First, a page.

Australian National University, Canberra. Completed.
Summary | Aims | Research Methods | Aboriginal
input | Progress |
Feral pig damage along drainage lines in
Photo: Anthea Dee
Feral pigs ( Sus scrofa ) are widespread throughout most
of Australia, including the Top End of the Northern Territory where
they are found in a variety of habitats. Their behavior is
perceived to threaten natural ecosystems most notably by their
diggings, which cause disturbance to soil and natural vegetation.
They prefer thick cover and need almost constant access to water
especially in high temperatures. This excludes them from the arid
centre of Australia and usually limits them to coastal areas or
edges of rivers and swamps.
Pigs are true omnivores. Their diet is varied but relies heavily
on plant material including grasses, leaves, fruits, nuts and
berries. They also prey on a range of insects, frogs, reptiles and
small mammals. Feral pigs are a threat to the environment through
their feeding, by their destruction of habitat and competition for
food, water and shelter. Their digging causes erosion, damages the
roots of native plants and disturbs soil, which can assist in the
introduction and spread of weeds.
Feral pigs shot by two members of the Wanga
Djakamirr rangers near Gatji outstation
Photo: Anthea Dee
Broadly, this project aims to take a holistic approach to the
development of a feral pig management plan for the Arafura Swamp,
in north central Arnhem Land, by integrating scientific research
with contemporary Aboriginal knowledge and aspirations. As well as
engaging the major conservation issue of management of feral
animals on Aboriginal lands, the project considers the disparate
values of feral pigs to various stakeholders.
Complete eradication of feral pigs is recognised as a virtually
impossible and uneconomical task. Controlling pig numbers is more
practical although this can still be very expensive and in many
cases is largely ineffective. More effective and efficient control
might be achieved if adequate information was available on feral
pigs' seasonal use of different vegetation communities and food
Hence, spatial and temporal patterns of habitat use by feral
pigs are considered in this region. Quantitative signs of pig
damage as well as simple presence/absence data have been collected
from a series of sites located in different vegetation types along
the western side of the Arafura swamp. A range of basic ecological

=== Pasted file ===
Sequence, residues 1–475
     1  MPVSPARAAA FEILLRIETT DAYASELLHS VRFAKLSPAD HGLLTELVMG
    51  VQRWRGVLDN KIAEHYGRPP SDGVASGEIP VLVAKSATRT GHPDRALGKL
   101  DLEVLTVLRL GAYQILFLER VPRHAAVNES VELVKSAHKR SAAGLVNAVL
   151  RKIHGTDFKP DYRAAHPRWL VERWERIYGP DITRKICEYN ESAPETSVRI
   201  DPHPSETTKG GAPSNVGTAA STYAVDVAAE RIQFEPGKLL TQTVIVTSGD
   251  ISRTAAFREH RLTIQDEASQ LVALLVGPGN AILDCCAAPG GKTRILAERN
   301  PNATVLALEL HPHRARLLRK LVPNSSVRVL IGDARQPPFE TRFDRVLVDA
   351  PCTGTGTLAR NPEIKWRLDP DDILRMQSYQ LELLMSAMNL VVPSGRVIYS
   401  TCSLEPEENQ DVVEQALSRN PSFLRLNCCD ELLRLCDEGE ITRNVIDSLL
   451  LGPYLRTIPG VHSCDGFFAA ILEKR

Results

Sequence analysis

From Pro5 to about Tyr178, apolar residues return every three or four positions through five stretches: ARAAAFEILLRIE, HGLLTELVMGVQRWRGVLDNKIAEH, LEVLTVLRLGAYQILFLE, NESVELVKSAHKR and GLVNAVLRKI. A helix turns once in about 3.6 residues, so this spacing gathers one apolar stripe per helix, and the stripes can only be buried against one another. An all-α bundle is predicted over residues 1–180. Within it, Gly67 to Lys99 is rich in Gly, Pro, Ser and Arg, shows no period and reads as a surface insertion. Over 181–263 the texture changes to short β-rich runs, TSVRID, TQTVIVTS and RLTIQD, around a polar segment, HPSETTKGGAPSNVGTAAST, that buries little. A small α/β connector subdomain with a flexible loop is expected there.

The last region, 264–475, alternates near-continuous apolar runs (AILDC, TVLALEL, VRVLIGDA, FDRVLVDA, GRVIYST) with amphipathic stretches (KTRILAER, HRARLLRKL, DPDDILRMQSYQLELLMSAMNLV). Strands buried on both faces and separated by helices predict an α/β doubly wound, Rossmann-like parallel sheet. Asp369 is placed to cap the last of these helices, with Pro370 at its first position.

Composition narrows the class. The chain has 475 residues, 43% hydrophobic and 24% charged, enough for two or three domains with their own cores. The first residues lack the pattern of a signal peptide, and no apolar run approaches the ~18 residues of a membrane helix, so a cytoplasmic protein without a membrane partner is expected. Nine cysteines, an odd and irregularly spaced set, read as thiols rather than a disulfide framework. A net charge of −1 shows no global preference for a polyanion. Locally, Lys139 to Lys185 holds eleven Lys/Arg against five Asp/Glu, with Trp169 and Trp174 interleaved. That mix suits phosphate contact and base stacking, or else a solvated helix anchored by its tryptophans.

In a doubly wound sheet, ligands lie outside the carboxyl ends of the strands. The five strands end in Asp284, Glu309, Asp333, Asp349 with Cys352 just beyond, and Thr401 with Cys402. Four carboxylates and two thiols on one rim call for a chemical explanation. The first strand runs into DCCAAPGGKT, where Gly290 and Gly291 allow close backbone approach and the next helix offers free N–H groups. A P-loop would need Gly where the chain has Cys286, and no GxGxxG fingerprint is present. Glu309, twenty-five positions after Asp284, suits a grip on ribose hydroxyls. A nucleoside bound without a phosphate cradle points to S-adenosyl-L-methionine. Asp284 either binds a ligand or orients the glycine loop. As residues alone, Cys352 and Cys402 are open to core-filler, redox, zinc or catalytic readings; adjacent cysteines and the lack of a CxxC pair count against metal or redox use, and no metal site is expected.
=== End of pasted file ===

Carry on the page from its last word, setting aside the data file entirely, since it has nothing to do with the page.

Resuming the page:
data has also been collected to try to determine whether specific
factors influence where pigs go to at different times of year.
Resulting data will be applied to the development of a predictive
model of seasonal feral pig habitat use and will be used to devise
more efficient control methods.
Anthea and Norman marking a survey site at
In addition, the project aims to develop an understanding of how
local Aboriginal people feel about feral pigs and their affect on
bush foods and on country in general. This ethnographic perspective
is essential to understand when developing management plans on
Aboriginal land. Feral animals and weeds are relatively new to this
part of the top end, an area with a history of uninterrupted
traditional Aboriginal land management. Many of the problems
associated with these new weeds and animals are unfamiliar to
Aboriginal people and it has become important that land management
now be looked at and executed using both indigenous and western
scientific knowledge. Aboriginal people can contribute much to the
battle against invaders through their acute familiarity and
understanding of the natural landscape in which they live. They are
the best source of knowledge about changes in the landscape on both
a broad and micro level.
The local Yolngu people have had a great deal of involvement in
the project at various levels from site location suggestions and
identification of animal signs to long discussions about damage
caused by feral pigs and concerns for the health of people and
country. Their participation in surveys has allowed a two-way
transfer of knowledge and skills between researcher and Aboriginal
collaborators which is an invaluable process.
Work over 2000-1 focused on completion of field surveys (July
and September 2000) and then data analysis and writing. Data
analysis to date has involved seasonal based general linear
regression analyses and general linear mixed modeling with the aim
of determining which ecological variables measured are best at
explaining feral pig presence.
The Wanga Djakamirr ranger unit along with the Caring for
Country Unit (NLC) has greatly assisted with the field program and
has provided access to essential facilities in the field. Many of
our research activities have been coordinated throughout the year
to facilitate knowledge exchange and learning.